Sure, it's all explained and what not, but I wasn't expecting Clay to be such a massive idiot. Seriously, what a stupid assumption to make. Yeah, yeah, yeah, he had his reasons with past hurt and trust issues, but come on - really? Really?

So, meet-cute, followed by a handjob in the driveway, followed by a huge misunderstanding and lack of communication, and a HFN at the end. The two MCs were nice enough, as were the supporting characters, but at supposedly 35, Clay sounded and acted at least a decade younger, and I wasn't quite buying Darrell's supposed age either.

The writing includes quite a few minute details that stretched the word count but didn't really add anything to the plot. I usually like this author's writing, so I'm a little sad that this book didn't work for me.

YMMV.


** I received a free copy of this book from its publisher. A positive review was not promised in return. **

Like Reblog Comment
show activity (+)
review 2017-06-03 01:39
ARC Review: Symbols by Mario Kai Lipinski
Symbols - Mario Kai Lipinski

Gosh, I wanted to love this book. I mean, read the blurb - the bullied kid who's spent his days hiding from everyone slowly falls for the gentle giant at the high school they both attend, until an act of violence threatens to tear them both apart... yeah, I signed up immediately for the ARC.

And for the first half or so, this book held me in its grip, as the story between Matt, the bullied kid, and Shane, the gentle giant, unfolds, as Matt begins to trust Shane, as they fall in love and forge a path together.

Yes, sure, there were some issues with the dialogue, which I attributed to the author not being a native speaker and not living in the US so research into how teens talk these days would have been tricky. And yes, sure, the principal pontificates to Shane when he first starts about there being a zero-tolerance policy at the school, and yet she has no idea that Matt has been bullied for years, hiding in corners, shaking and utterly miserable, terrified, in tears, something that even the cafeteria cashier has noticed, yet the principal has no clue - how's that possible? And why wouldn't the cafeteria cashier talk to an adult at the school? Many of the bullying incidents happen in hallways or inside the cafeteria, and yet nobody addresses it.

Still, it was engaging, and was invested.

However, right about the time, Matt is beaten up and ends up in a coma in the hospital, this book took a massive nose-dive. The asshole detective that arrests Shane for allegedly causing Matt's injuries (he didn't), the subplot with Shane engaging Matt's long-time nemesis to find the real perpetrator, the court date, the dramatic last minute rescue by Shane's former friend, the drama with Matt's mother's reaction to Shane's size, the nasty old woman on the bus, and, and, and - it was just all too much and too over the top and too unrealistic in how much was piled on Matt and Shane's shoulders.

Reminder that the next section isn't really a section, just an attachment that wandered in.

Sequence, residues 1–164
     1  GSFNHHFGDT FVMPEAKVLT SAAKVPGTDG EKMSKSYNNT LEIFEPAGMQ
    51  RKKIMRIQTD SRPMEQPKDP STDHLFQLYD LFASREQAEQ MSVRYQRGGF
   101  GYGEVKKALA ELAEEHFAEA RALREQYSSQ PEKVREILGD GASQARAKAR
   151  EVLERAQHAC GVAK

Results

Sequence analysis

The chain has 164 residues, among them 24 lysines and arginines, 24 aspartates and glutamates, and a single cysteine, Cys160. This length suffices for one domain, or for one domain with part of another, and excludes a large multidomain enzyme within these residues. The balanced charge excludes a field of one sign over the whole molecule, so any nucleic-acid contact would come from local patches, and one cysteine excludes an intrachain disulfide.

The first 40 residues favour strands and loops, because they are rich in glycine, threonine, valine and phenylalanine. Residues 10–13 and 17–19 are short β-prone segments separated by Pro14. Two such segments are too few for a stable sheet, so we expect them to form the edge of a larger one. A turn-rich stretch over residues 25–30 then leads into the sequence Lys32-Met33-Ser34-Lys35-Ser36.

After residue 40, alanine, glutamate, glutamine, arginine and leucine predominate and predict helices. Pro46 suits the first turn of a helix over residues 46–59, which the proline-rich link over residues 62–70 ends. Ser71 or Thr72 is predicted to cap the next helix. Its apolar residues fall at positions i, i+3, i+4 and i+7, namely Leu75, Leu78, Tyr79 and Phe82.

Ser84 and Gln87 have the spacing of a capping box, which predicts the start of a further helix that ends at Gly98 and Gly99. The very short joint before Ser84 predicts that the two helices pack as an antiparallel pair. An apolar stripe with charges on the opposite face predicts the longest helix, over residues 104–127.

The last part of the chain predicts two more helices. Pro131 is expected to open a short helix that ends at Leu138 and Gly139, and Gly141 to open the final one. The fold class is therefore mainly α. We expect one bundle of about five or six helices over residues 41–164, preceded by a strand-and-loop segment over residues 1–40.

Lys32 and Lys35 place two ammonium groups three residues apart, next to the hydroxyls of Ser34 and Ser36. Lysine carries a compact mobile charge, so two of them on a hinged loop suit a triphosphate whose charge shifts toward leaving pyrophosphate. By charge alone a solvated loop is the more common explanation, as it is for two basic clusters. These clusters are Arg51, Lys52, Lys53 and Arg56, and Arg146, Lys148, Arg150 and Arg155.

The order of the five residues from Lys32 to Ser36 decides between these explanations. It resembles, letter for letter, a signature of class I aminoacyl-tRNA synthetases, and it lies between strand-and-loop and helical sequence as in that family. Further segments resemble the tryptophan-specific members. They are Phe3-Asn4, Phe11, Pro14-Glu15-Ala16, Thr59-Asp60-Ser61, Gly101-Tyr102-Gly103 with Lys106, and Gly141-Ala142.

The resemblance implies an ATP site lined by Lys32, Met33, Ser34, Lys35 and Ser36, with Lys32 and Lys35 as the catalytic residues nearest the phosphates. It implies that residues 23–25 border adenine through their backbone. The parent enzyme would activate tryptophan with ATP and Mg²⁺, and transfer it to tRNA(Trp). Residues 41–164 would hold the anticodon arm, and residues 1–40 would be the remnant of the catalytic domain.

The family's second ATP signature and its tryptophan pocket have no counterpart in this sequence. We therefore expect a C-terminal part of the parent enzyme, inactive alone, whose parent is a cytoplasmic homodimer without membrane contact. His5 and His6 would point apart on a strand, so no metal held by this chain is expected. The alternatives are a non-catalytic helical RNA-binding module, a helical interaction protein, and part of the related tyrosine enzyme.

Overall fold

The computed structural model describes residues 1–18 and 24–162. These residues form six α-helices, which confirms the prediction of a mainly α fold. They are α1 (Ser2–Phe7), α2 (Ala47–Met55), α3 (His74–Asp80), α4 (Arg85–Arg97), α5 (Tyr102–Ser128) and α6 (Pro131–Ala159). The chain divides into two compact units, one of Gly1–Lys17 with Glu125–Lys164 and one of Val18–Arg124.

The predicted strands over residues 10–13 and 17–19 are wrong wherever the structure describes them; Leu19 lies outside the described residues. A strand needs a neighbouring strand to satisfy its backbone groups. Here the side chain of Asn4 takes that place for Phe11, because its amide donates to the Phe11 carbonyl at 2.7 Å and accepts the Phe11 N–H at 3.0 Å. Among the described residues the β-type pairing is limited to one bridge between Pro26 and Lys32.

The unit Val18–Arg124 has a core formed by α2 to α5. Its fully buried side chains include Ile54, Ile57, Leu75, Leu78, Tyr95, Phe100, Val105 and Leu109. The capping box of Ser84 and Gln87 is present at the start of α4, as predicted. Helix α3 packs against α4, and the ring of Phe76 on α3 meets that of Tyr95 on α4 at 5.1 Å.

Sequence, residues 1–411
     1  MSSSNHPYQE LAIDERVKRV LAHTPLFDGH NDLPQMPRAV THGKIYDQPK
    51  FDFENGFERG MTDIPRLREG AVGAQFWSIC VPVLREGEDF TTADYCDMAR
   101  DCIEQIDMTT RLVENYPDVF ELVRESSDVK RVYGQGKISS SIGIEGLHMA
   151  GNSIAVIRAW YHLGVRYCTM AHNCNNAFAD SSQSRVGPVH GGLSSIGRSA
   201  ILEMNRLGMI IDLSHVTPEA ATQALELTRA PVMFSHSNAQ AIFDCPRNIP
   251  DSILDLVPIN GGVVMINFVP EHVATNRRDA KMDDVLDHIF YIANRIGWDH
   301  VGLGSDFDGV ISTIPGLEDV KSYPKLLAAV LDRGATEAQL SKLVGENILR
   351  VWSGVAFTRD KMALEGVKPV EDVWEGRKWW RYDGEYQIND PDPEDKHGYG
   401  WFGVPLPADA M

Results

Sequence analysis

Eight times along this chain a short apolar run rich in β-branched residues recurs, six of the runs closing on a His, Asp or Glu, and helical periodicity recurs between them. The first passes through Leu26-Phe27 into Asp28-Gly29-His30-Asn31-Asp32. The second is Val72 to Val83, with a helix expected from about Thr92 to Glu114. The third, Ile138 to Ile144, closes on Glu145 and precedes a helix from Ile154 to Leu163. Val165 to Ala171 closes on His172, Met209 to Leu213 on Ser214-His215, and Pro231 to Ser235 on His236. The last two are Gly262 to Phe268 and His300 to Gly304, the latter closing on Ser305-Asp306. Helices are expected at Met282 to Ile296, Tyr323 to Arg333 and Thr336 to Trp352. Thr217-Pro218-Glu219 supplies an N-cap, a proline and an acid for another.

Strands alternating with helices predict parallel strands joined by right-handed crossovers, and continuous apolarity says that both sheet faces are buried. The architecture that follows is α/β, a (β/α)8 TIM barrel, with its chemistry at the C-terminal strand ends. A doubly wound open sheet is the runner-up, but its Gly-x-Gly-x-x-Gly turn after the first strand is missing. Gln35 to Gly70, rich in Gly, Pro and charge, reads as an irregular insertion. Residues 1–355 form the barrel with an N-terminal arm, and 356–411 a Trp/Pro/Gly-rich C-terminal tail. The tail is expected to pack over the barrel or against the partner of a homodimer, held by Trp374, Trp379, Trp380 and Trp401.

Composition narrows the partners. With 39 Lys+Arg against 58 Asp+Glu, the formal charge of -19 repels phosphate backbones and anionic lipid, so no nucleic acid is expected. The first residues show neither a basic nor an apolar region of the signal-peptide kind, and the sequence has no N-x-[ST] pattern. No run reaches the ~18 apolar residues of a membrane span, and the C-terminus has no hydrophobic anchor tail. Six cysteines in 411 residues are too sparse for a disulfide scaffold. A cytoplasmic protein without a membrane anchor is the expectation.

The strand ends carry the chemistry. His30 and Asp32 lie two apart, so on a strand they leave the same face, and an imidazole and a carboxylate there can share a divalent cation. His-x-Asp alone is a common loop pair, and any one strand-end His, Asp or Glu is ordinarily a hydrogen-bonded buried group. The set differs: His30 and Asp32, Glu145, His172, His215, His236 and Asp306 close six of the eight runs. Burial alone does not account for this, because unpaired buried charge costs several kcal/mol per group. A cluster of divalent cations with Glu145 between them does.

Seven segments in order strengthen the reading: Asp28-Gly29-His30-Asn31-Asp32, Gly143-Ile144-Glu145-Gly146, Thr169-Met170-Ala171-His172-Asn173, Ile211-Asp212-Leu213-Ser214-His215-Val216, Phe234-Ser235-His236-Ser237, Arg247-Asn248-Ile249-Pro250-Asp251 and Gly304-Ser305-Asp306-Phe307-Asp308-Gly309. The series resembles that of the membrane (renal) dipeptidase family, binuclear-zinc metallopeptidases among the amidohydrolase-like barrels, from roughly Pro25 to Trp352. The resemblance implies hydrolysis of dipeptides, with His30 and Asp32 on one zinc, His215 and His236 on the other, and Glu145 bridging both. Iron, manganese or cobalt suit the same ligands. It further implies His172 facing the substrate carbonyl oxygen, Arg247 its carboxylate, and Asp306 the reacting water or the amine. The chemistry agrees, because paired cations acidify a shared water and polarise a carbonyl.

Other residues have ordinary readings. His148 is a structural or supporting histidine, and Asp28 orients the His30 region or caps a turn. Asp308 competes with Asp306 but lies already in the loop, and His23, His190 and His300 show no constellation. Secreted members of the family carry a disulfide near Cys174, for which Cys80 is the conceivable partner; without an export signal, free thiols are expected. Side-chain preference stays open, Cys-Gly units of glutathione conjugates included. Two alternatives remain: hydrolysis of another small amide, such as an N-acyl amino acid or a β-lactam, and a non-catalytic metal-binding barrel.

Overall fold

Look, I got that the author tried to make the point that one shouldn't judge a book by its cover, i.e. a teenager by his size and tattoos, but good grief, that point wasn't just made so much as hammered home time and again. And Shane, whom I adored, just took the judgments time and again, making all kinds of excuses for people's reactions to him. I hated that he did that. I hated that people would judge him just based on his looks and not his actions. For Matt's mother to think that Shane had hurt Matt, for anyone to think that Shane would hurt a fucking fly just because he's super tall, just pissed me off.

And yeah, I knew who the villain was going to be, but the reasoning behind the violent attack was pathetic. The perpetrator's characterization up to that point didn't indicate anything like what was given as a reason - I didn't buy it at all, and thought that it was just too convenient.

I loved both Matt and Shane, and I loved how gentle Shane was with Matt, and how Matt came out of his shell over time, and became the stronger one of the two. Their relationship was well done, and the author did a fantastic job bringing across the emotional bond between the two young men. What I didn't like so much were the multiple incidents of miscommunication and false assumptions that both of them make, but I chalked that off to them being young.

I think it can be very difficult for a non-native speaker to successfully write authentic dialogue as language continually evolves, especially in this day and age, and that the manner in which teens talk cannot be gleaned from, say, books, TV shows, or movies.

The premise was fantastic - the execution not so much. Still, three stars is nothing to scoff at. I did enjoy reading this book for the most part, and I did love Matt and Shane.


** I received a free copy of this book from its publisher. A positive review was not promised in return. **

More posts
Your Dashboard view:
Need help?